True tax reform is a reformation of the government itself.


A simpler tax code allows for a less intrusive and more focused government. Tax dollars coming from the sweat of the people should be considered sacred. Therefore, government should only use tax dollars for services that can’t be provided more efficiently by the market place, and only for those things which pertain to valid government services.

I have friends (Yeah, I know it surprises me too.) who insist on naively arguing about the efficiency of our government. It is simply a lost cause. What they fail to understand is a lesson I learned while employed as a Personnel Administrator by the Federal government. The principle consideration in governing this nation is equity, not efficiency. That is a major reason our national government fails to be as efficient as we would like it to be. It is why many services can be accomplished more efficiently by the market place than by our government (assuming of course that the government stays out of the way.) The logic is simple. If I give Uncle Sam a dollar to perform a service for me, it spends a substantial portion of that dollar paying itself to make sure that my dollar is spent in accordance with applicable regulations and in an equitable manner. This administrative bureaucracy costs a lot of money. In deciding how to tax the American people and what to spend our sacred tax dollars on, our government needs to take into consideration whether any given service can be provided more efficiently without them.

Another principle that needs to be applied in taxation comes from the past. When I was a young man there was a very common expression. It has various iterations such as: “Mind your own business” or, “None of your business.” By the way, that is good advice for all of us. Not only do we need to apply this philosophy to our contemporary social media heyday, but it also points directly to proper taxation. What is the business of government and is our government minding its own business? After all, “The essence of freedom is the proper limitation of government.” If you think about it, there are a great many things that our government spends our money on that falls outside their public mandate. Some examples might be: entertainment, regime change, abortion, miscellaneous social constructs, etc. If you put a little thought to it, I am willing to bet you can find several items that our government is engaged in that is simply superfluous and, quite frankly, none of their business.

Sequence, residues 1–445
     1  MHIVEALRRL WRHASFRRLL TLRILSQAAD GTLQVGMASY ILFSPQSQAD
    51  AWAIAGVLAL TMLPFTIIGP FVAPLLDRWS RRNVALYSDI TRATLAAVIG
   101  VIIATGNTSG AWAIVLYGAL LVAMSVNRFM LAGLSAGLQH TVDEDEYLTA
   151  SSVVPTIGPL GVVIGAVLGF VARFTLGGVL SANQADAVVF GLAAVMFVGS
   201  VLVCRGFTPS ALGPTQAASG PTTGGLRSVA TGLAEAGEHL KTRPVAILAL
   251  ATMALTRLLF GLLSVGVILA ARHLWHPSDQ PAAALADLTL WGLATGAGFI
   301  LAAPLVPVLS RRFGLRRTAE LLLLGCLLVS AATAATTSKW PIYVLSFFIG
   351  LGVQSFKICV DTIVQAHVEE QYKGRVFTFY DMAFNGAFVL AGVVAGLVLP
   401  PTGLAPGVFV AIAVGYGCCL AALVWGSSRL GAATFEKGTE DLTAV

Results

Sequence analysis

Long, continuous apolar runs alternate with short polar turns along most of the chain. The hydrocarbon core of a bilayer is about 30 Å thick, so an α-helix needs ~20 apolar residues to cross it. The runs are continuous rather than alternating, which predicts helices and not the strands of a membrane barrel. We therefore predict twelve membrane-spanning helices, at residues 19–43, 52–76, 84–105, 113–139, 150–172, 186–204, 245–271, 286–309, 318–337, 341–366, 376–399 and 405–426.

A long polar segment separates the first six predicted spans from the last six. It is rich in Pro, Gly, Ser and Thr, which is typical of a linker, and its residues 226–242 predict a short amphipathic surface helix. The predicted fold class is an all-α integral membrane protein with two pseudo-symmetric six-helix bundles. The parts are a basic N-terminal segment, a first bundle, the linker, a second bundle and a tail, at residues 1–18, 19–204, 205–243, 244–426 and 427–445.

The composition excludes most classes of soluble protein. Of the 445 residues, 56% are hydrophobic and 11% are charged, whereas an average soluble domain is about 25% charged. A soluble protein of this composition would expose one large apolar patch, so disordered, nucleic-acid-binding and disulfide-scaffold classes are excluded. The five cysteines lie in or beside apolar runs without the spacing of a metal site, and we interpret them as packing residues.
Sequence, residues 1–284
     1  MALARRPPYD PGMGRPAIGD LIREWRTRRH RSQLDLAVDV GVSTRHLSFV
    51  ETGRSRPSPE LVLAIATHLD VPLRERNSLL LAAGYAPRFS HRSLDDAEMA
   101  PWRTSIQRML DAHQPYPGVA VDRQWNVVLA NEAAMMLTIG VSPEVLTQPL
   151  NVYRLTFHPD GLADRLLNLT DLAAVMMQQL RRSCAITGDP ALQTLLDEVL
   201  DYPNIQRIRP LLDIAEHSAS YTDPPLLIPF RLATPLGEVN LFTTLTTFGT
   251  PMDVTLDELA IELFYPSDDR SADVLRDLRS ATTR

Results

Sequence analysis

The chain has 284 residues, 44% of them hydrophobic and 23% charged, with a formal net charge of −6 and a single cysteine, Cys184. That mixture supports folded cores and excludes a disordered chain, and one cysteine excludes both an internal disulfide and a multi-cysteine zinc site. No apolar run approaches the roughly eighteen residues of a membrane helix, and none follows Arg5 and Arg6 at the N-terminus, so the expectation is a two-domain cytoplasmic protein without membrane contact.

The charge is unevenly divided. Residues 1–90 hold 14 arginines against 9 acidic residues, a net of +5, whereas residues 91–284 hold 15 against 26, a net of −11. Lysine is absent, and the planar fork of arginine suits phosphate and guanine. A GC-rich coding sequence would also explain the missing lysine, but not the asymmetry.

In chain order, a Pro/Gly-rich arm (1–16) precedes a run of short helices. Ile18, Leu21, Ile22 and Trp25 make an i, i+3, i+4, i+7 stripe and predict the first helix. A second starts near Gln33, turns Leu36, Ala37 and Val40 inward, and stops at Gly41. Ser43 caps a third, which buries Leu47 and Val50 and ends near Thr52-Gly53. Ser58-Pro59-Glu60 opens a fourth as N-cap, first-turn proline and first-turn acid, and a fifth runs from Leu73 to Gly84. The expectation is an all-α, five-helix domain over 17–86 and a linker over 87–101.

Let me demonstrate how these two principles should be applied to taxes by a quick glance at some of the items on a standard 2016 1040 form.
Filing status. What business is my marital status to the U.S. government? None! It is simply a hold-over from discriminatory times when the state thought they had the right to approve our marriage! I say get the feds out of my personal life. After all, today this information is simply used to facilitate income redistribution. It allows the government to take money from single individuals and give it to married couples.